We actually really liked our old, quaint wooden kitchen – we gave it some cosmetic changes and it definitely grew on us. But if we were to sell this place, I wouldn’t kid myself that many potential buyers would have been quite so charmed by it. The new kitchen, however, with its extra storage, walk-in pantry, dishwasher and gas stove is a lot more appealing and valuable.
6. We renovated the bathrooms.
Once an interior designer friend came over and I watched him visibly shudder when he saw our old ensuite. It was a horrible, depressing room. Just like a new kitchen, an awful or disgusting bathroom can massively increase or decrease the value of your property.
There will be people who don’t want to renovate and for them that bathroom will turn them off the entire house. With a tiler friend assisting us, we renovated our tiny, hideously dated ensuite at a cost of $7750 and I think it would have raised the value of our house more than that. It was worth every cent.
7. We had new windows installed.
In winter it would always get freezing at our place. We don’t have central heating (we light the fire or switch on the heaters) and the windows would also let in the cold a lot. When we bought our house, it had its original 70’s aluminum windows with 3mm thick (or should I say thin) glass. In winter you could walk past a window in our house, say our bedroom, and you could feel the cold emanating through the glass standing half a metre away from it. Not very pleasant in our tiny bedroom, with the bed so close to the window! Curtains helped a bit but not much.
When I was pregnant we invested in new double-glazed windows through the house and not only do they look nicer, the difference they have made in keeping our house more temperate has definitely been noticeable. I was hesitant to even change the windows at first but the double glazing means now we use the air conditioning way less in summer and in winter the windows keep the heat from the wood burner or the heater in much buyer. New windows are far from cheap, whether they are double-glazed or not, but if your windows are really bad, like ours were, they could be worth doing – in a few rooms or through the whole home.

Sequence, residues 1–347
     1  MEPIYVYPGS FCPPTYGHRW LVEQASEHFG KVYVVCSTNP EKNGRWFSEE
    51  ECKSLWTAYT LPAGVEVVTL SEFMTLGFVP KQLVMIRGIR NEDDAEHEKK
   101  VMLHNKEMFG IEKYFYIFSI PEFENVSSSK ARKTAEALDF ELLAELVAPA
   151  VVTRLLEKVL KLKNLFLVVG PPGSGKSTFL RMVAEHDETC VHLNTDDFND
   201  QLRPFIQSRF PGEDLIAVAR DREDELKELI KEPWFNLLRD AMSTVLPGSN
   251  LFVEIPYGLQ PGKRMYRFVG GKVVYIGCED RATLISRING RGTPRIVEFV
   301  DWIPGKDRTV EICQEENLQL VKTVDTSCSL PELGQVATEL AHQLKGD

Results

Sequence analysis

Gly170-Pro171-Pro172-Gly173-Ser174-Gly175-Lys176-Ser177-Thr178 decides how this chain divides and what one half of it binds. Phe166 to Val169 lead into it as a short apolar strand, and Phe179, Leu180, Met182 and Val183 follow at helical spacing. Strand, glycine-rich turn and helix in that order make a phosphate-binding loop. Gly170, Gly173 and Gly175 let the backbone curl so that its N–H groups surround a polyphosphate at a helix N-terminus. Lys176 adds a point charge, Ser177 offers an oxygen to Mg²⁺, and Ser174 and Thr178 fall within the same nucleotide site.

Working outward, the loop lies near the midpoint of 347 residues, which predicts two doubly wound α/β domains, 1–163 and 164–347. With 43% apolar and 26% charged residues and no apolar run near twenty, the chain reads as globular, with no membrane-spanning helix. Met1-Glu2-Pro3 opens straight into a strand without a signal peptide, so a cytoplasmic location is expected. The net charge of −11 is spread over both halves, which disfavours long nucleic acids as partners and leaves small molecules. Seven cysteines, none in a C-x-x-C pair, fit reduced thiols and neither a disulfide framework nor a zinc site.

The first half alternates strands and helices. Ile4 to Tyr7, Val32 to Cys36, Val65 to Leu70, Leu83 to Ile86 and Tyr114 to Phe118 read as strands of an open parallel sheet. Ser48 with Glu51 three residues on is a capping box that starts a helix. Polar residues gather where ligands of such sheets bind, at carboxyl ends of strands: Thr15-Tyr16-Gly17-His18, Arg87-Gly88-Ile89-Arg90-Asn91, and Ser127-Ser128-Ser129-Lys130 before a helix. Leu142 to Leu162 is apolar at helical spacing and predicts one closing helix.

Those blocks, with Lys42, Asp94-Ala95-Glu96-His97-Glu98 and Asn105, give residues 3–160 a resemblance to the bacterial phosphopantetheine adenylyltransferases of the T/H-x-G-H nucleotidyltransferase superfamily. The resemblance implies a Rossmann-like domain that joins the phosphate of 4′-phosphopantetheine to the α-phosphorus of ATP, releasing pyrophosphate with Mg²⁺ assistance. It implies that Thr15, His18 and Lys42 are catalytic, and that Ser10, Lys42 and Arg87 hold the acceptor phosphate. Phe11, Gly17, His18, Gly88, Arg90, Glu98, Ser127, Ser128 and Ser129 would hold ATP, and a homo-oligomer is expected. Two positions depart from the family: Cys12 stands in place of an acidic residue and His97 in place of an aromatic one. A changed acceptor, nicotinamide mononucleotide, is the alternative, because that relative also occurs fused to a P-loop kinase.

8. We completely revamped our laundry.
A small room with tiny 70’s-mosaic floor tiling and no storage, our old laundry was like a lot of 70’s Australian laundries. We finally took it from average and dated to nice and fresh with storage, a workbench, a new sink and wall hooks for additional storage. I think it cost around $6000 - $7000 for materials, labour and fixtures and like our ensuite bathroom, I think if we sold this house that would more than pay for itself.
9. We put in a vegetable garden and fruit trees.
Ok, I do know that a lot of people will argue whether it can be proven that a vegetable garden can add any real value to your home. But when it’s getting more and more expensive to buy fresh fruit, veg and herbs, I definitely don’t think having one is going to be a negative. I have lost count of the number of times a real estate agent or home owner has proudly shown me a house’s vegie garden and if I were buying a different place, an already-made vegetable garden – or thriving fruit trees - would be an attraction.
We turned a really depressing, dried-out patch of our garden into a big vegetable garden and also planted fruit trees. Compared to other home improvements, a vegie garden doesn’t cost a lot to do and it can turn a part of your yard from ‘average’ into an asset. The only downside in my opinion? You do have to put in the work to stop it looking feral. Right now ours has definitely seen better days!
10. We turned our 70s bar into a walk-in pantry.
Our old, impractical 70s bar was the eyesore of our house. By knocking out walls and rejigging the layout, we turned the bar into the Enid Blyton-farmhouse-esque scullery of my dreams - with lots of storage space.
What changes have you made to your house to add value to it? What was worth it? Was anything a mistake or not worth the outlay? Maya x